UN says 2.6 million people affected by severe drought in Somalia

November 25, 2021

About 2.6 million people, or nearly 22 percent of the population, in 66 out of 74 districts across Somalia are affected by worsening drought, the United Nations humanitarian agency said on Wednesday.

The UN Office for the Coordination of Humanitarian Affairs (UNOCHA) said nearly 113,000 people are displaced by drought across Somalia. “The lack of access to safe and potable water coupled with poor hygiene and sanitation facilities have heightened the overall risk of water-borne diseases, with an increase in suspected cases of acute watery diarrhea/cholera and measles,” UNOCHA said in its latest update on the drought situation. Somalia is experiencing a worsening drought following three consecutive failed rainy seasons, and is at risk of a fourth one in a row in 2021, according to the UN.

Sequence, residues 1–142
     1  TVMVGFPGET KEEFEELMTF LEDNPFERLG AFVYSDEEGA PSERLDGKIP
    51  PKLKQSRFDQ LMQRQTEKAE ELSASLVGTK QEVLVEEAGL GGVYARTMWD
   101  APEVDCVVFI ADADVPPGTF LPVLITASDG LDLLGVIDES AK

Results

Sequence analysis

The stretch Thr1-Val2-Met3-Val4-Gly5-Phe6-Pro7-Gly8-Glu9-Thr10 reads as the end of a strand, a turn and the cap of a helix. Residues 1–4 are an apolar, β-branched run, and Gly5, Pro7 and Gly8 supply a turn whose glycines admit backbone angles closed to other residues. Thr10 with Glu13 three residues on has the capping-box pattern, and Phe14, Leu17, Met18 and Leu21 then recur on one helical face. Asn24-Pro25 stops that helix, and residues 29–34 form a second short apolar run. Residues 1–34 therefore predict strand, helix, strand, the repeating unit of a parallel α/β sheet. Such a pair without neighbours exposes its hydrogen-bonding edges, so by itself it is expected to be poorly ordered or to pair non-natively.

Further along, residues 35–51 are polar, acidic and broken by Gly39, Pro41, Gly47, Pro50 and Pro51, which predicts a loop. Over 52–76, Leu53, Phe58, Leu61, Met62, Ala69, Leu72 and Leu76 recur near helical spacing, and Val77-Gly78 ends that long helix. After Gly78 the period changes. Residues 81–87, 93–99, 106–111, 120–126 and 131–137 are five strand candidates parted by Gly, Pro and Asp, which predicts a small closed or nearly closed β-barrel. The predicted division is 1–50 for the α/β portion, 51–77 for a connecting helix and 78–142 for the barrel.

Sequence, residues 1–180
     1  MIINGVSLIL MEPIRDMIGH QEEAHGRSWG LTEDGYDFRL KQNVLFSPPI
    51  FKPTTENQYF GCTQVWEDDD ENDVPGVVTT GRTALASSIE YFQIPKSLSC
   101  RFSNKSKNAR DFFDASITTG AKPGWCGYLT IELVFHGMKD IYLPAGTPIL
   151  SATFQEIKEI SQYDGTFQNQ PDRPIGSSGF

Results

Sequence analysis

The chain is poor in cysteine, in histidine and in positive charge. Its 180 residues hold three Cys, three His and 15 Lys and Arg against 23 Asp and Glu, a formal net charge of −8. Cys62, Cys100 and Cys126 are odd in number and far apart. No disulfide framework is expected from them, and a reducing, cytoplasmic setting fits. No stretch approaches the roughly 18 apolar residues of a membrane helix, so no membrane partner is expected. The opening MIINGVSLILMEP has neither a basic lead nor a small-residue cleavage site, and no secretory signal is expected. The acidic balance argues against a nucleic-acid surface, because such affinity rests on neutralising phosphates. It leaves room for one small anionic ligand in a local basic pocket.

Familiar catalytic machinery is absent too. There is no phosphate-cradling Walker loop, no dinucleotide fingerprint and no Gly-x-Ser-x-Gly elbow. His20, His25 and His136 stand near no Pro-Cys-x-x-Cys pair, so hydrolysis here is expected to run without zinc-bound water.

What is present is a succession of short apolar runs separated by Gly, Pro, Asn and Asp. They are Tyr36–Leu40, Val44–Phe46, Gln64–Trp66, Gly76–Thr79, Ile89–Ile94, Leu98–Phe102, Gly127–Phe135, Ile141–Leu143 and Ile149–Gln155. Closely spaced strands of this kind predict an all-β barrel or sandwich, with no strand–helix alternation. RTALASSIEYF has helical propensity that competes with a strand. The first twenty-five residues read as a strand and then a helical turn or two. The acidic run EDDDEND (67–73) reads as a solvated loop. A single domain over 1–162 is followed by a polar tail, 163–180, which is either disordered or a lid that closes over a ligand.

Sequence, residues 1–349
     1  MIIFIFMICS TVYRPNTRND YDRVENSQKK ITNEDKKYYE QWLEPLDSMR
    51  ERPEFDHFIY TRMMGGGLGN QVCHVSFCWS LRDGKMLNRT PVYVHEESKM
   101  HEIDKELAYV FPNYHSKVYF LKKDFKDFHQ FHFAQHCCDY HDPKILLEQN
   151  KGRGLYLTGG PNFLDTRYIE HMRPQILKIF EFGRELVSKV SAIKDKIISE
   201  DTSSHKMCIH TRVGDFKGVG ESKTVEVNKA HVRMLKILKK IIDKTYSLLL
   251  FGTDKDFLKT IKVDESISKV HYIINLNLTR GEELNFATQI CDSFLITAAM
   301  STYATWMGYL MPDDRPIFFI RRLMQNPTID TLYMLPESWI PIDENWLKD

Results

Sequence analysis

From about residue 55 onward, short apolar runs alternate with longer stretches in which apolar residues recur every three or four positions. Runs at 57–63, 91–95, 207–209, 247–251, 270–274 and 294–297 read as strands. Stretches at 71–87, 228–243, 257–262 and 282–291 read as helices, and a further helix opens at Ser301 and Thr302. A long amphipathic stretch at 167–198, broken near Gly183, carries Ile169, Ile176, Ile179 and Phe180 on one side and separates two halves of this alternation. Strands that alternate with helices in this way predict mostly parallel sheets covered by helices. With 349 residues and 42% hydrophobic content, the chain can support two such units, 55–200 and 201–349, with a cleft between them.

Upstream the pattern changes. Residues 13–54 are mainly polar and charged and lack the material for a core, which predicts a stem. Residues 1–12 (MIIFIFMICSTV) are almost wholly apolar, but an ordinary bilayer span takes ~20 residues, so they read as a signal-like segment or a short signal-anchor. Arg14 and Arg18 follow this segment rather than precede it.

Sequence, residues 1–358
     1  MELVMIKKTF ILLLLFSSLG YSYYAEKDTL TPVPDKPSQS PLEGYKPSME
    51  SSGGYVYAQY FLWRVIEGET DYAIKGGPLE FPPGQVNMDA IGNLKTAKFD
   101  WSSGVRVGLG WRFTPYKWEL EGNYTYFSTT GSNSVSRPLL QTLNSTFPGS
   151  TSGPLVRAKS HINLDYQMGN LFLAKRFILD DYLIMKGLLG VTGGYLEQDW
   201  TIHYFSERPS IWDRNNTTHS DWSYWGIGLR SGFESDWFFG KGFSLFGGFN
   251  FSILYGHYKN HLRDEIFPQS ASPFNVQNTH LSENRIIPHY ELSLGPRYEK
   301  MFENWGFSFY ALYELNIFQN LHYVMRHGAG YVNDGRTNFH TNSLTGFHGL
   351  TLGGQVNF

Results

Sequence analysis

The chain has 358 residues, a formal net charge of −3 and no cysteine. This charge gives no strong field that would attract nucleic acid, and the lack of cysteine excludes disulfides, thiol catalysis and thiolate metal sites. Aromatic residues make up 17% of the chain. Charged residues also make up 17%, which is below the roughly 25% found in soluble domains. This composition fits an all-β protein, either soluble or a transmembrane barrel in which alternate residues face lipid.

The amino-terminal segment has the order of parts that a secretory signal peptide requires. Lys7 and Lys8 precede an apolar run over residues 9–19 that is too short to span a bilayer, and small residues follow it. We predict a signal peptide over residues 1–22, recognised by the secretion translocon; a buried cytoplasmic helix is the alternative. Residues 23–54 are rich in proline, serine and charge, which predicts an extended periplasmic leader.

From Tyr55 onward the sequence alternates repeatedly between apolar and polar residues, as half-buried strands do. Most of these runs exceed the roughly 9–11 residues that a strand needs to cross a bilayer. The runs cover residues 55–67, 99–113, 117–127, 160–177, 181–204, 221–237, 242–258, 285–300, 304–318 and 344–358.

The Somali government on Tuesday declared a state of emergency over the severe drought situation in the country. Prime Minister Mohamed Roble, who made the announcement after chairing a cabinet meeting in Mogadishu, appealed for urgent humanitarian assistance for people affected by the severe drought in some parts of the country.

Both the government and humanitarian partners are scaling up responses and reprogramming activities to address critical emerging needs, but their efforts are constrained by funding and access concerns in some of the affected areas.

The UN has warned that some 3.5 million Somalis already face acute food insecurity and that without urgent and scaled-up support, the situation will likely deteriorate further. It said food insecurity and acute humanitarian needs have been reported across all sectors, with more than 5.9 million people currently in need of humanitarian assistance and protection.

The UN projects that 7.7 million people in Somalia will need humanitarian assistance and protection in 2022 due to conflict in various parts of the country, recurrent climatic shocks, particularly drought and floods, disease outbreaks including COVID-19, and worsening poverty.


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